President Rodrigo Duterte’s dare to the military to mutiny and support his critic Senator Antonio Trillanes IV was an expression of his confidence in the Armed Forces of the Philippines, Malacañang said Wednesday.
Presidential Spokesman Harry Roque said Duterte trusted that the military would not support any ouster efforts against him.
“It just means that the President is confident that there will be no support coming from the military to remove him from his post,” Roque told reporters.
“His seeming incitement is actually also an expression of confidence that no one will follow Senator Trillanes.”
Duterte on Tuesday dared the military to stage a coup and oust him if they no longer found him effective as a leader, echoing what he had been repeatedly saying in previous speeches.
“If you want another President, fine,” Duterte said.
Duterte’s tirades prompted his critics to suspect that the chief executive had started feeling “insecure” about the military’s loyalty.
In other developments:
• Police Chief Oscar Albayalde said Wednesday they will not be persuaded to join any move by would-be coup plotters in ousting Duterte.
“We will always be loyal to the Constitution, to his administration and to the Filipino people. The President has our trust and confidence,” Albayalde said.
• Magdalo Party-list Rep. Gary Alejano on Wednesday urged Duterte to send a message of unity instead of challenging the military to oust him.
Alejano, a former officer of the Philippine Navy, lamented Duterte’s statements during his tête-à-tête with Chief Presidential Legal Adviser Salvador Panelo on Tuesday.
• Both Communist Party of the Philippines founding chairman Jose Maria Sison and the Magdalo group on Tuesday denied they were in cahoots to oust Duterte.
• Duterte’s one-on-one interview with Panelo was “a lost opportunity,” Vice President Leni Robredo said Wednesday.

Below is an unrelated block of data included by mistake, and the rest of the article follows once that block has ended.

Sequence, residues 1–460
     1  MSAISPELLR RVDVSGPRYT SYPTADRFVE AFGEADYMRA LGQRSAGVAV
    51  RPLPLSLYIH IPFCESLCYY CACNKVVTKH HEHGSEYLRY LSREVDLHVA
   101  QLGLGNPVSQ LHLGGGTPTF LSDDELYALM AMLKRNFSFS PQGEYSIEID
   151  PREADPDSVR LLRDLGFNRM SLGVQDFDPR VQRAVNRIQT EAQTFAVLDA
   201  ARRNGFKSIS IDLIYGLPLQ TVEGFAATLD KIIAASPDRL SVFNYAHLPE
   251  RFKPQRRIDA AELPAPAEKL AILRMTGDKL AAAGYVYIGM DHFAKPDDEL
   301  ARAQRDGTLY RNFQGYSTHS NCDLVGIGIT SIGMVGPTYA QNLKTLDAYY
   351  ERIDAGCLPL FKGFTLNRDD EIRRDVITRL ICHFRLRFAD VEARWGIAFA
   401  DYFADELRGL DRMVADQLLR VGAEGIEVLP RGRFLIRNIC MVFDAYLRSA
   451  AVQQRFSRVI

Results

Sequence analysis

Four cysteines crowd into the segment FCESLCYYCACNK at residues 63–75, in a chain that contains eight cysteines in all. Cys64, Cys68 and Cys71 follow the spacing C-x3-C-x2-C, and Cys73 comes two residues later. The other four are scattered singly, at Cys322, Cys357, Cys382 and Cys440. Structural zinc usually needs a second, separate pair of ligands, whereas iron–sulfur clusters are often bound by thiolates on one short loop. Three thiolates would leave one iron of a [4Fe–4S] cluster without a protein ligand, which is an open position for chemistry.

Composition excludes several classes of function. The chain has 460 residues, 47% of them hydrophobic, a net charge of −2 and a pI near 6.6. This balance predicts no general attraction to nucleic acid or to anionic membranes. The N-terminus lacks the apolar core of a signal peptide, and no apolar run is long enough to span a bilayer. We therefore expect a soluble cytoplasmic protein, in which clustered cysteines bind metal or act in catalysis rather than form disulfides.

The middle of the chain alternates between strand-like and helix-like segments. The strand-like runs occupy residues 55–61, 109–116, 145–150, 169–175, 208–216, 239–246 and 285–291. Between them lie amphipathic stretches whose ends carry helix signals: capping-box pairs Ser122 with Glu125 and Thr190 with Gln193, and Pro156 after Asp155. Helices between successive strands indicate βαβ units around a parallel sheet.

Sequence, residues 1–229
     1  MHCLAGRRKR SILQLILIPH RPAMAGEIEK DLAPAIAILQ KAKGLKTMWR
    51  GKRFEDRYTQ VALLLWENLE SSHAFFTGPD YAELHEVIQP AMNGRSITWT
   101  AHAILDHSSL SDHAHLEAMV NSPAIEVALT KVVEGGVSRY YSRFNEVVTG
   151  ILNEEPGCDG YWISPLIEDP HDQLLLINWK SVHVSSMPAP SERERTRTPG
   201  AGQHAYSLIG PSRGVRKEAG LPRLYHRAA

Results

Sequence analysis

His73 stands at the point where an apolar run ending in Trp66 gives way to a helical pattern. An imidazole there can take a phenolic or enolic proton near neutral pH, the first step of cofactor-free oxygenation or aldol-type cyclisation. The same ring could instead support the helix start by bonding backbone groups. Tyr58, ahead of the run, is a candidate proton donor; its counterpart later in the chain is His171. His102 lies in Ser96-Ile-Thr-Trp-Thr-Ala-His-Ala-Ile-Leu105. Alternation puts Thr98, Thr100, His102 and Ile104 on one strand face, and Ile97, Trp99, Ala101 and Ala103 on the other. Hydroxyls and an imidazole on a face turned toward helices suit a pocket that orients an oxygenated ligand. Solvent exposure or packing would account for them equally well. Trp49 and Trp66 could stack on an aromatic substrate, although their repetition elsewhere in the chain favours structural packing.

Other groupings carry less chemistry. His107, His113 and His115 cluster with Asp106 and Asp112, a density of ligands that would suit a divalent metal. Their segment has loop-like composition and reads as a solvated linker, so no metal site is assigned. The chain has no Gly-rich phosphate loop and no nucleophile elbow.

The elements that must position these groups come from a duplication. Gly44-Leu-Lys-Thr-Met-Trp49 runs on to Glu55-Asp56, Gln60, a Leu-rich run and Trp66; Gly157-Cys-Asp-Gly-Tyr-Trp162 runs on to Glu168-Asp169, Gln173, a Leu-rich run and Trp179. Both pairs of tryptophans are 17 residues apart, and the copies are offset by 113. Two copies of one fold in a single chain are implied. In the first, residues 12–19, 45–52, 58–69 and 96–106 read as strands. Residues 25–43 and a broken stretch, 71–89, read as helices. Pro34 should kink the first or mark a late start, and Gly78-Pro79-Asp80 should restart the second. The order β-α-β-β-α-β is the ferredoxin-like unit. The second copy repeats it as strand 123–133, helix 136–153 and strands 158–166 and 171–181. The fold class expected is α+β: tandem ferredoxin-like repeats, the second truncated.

She told the Duterte administration to focus on inflation the rice crisis and how to address them, instead of repeatedly criticizing the opposition.
She said the President could have discussed and addressed the people’s immediate and urgent concerns rather than waste time coming out in a televised “tete-a-tete” with Panelo.
• Duterte’s widely anticipated public address was a complete disappointment and a total waste of time and precious government resources, Akbayan Rep. Risa Hontiveros said Wednesday.
Instead of presenting concrete measures to address the soaring inflation and rice crisis, she said, Duterte spent a good part of his “tete-a-tete” with his legal adviser trying to justify his revocation of Senator Antonio Trillanes’s amnesty, discussing his paranoia over a so-called October destabilization plot and his bloody war on drugs.
“Whatever measures, if any, President Duterte offered to address the country’s twin rice and inflation crises, they were vague and lost in his stories of destabilization plots,” she said.
In his interview Tuesday, the President also listed down his contributions to the military and stressed that Trillanes, a former Navy officer, had done nothing.
His remarks came a week since his proclamation voiding Trillanes’ amnesty for the uprisings in 2003 and 2007 was made public. Since then, Trillanes has been holed up in his office at the Senate as he faced arrest. The senator is fighting the order in court.
For Alejano, Duterte’s statements bared his insecurity when he talked about Trillanes instead of ways to curb inflation.
The former Marine said the President’s support for the military should not be aimed at nurturing personal loyalty.
“It should not result [in] personal loyalty of the AFP to anybody else, even to the President, because we want the AFP to be neutral and political. We want the AFP to uphold and defend the Constitution and [be] loyal to the Constitution,” he said.